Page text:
We left the German Alpine area behind and trained through verdant woods of various pines and cedars and green farm land. Some of the corn is yet to be harvested. We arrived in Munich, checked into our hotel, cleaned up and headed into the Altstadt (Old Town) of the city. Dee and Sheila had not been to Munich prior and when we walked up from the U Bahn (underground subway) right in the middle of the Altstadt, they were awe struck. The Rathaus (Town Hall) is impressive, both in size and gothic architectural style. Its famous Glockenspiel with moving figurines is a main tourist draw. The entire Marienplatz area is filled with baroque towered churches and buildings. It is bustling, especially with the Oktoberfest going full swing at the nearby Theresienwiese fair grounds. We went into two beautiful churches—St. Peter’s (baroque) and St. Michael’s (renaissance)—both Roman Catholic. We lollygagged in the market place filled with vendors of almost every kind. Hungry, we ate at the well loved der Augustiner for a very German meal—I had boiled white sausages and white cabbage salad and potato salad. Randy and Melisa had a German fried meatloaf. Of course, the Augustiner beer was great. Later, we stopped at a pastry shop and ordered too many to take back to the hotel—pretzels filled with cheese or cream cheese and jelly rolls and…
Early the next morning, we hit the mother of all Oktoberfests. Drawing millions of visitors this huge venue is filled with massive tents sponsored by the major German brewers. We found ample space in the Hofbrau tent which holds 10,000 guests with large decorations made from dried hops. Once the band started, it began to fill up, even though it was a cold day with rain on and off. We had a joyous time. The food was good! They discourage folks from standing on tables and drinking, but that did not stop some from doing so to boisterous cheers from the crowd and then loud “boos” when security stepped in and escorted the drinkers out. We all learned the popular bier hall song, “Ein Prosit”—loosely translated—“Drink up, you’re in good, warm fellowship—1, 2, 3 drink.” You then lift your litre stein in the air, pound it down on the table and then drink. Fun, fun!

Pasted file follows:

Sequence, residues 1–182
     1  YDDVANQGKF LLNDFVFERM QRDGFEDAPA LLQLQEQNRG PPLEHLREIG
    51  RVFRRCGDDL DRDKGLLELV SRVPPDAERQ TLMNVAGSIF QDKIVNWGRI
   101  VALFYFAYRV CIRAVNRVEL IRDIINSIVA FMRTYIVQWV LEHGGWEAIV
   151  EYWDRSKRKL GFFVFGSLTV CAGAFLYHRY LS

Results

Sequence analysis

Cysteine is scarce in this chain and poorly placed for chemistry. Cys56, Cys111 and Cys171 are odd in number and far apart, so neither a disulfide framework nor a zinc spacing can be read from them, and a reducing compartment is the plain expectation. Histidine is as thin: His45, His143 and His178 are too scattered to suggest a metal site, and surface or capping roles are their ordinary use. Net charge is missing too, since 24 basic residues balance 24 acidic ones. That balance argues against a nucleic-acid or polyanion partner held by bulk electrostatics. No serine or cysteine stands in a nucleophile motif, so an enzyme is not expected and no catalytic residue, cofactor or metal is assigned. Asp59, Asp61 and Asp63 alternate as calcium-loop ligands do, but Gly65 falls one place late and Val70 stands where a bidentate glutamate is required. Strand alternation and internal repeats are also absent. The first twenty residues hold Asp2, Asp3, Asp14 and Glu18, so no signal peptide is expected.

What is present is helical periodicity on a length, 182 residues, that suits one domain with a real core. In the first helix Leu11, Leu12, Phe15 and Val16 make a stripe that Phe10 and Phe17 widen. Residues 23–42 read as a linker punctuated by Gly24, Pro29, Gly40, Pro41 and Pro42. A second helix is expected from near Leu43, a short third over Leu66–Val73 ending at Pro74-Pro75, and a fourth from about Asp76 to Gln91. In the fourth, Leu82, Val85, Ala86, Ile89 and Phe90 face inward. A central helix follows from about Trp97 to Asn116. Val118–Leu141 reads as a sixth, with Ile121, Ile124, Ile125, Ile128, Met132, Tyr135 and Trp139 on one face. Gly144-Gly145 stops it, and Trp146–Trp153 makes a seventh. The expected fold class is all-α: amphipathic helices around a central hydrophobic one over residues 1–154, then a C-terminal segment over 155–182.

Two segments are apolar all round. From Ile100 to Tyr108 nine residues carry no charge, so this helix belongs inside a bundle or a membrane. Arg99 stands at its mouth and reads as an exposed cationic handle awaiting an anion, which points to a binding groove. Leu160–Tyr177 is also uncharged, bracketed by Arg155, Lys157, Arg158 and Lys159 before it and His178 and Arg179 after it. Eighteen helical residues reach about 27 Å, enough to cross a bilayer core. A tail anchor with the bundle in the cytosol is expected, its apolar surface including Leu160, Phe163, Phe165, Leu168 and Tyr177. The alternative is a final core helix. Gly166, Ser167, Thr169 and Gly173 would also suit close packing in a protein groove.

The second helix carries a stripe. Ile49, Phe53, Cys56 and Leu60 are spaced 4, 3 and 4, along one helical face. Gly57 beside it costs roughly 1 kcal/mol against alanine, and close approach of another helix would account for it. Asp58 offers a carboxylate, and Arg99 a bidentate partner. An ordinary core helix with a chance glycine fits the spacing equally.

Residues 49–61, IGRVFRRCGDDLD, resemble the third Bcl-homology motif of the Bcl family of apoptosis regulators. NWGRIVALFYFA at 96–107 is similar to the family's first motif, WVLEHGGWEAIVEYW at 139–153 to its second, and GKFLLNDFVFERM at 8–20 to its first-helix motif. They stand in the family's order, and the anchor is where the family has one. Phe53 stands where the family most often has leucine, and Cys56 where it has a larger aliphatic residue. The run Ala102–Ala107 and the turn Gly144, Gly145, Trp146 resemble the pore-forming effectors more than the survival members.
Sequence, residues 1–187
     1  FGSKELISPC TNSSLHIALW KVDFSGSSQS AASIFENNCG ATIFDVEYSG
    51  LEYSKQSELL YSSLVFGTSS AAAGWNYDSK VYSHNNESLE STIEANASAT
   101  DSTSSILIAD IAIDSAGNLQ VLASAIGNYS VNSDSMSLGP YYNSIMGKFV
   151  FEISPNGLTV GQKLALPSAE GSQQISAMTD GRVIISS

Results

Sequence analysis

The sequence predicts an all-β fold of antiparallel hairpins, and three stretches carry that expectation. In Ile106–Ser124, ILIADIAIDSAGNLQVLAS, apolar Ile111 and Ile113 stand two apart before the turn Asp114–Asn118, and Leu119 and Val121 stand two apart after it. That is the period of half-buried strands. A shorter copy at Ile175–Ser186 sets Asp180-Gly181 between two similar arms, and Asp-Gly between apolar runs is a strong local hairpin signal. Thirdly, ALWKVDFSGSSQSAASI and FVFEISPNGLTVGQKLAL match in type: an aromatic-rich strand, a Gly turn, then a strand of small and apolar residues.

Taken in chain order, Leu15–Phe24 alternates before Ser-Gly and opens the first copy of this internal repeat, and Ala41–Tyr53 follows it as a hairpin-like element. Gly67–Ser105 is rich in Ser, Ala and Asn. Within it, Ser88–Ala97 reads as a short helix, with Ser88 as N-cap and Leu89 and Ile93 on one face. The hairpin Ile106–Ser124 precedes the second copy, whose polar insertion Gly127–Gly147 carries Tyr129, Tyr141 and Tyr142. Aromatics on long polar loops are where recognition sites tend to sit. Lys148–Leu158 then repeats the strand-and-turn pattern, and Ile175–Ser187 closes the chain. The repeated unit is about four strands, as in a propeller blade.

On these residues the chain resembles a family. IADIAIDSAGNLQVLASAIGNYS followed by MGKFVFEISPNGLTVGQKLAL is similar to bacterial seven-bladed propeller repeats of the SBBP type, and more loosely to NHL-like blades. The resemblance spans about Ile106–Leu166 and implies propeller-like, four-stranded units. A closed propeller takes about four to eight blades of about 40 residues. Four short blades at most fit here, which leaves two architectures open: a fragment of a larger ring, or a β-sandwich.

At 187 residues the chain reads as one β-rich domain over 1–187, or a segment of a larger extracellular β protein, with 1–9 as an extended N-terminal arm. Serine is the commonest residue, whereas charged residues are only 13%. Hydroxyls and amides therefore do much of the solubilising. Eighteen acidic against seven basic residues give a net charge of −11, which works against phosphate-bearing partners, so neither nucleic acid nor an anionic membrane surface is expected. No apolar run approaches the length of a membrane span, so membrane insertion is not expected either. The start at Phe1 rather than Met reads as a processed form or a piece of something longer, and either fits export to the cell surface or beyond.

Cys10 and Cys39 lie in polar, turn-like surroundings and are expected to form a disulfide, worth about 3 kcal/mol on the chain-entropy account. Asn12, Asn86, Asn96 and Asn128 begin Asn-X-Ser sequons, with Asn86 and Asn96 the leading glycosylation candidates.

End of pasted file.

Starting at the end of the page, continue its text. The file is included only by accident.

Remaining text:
“1 in a 1,000,000” chance you run into someone from home, but Kathy and I did. We were walking the massive grounds and walked into the Lowenbrau tent because, although this was our fifth time to the Oktoberfest in Munich, we had never visited that tent. Lo and behold, the Krakosky’s and Schlaffer’s from Tomball saw us, and we had a marvelous visit. We ended our day with a delightful meal time at our Marriott hotel for the ten of us from our travel group. The Steele’s have returned home and Dee and Sheila leave tomorrow, so from here on out, there will be eight of us on this continuing adventure.
REST, RELAX, REFRESH
September 24 & 25, 2022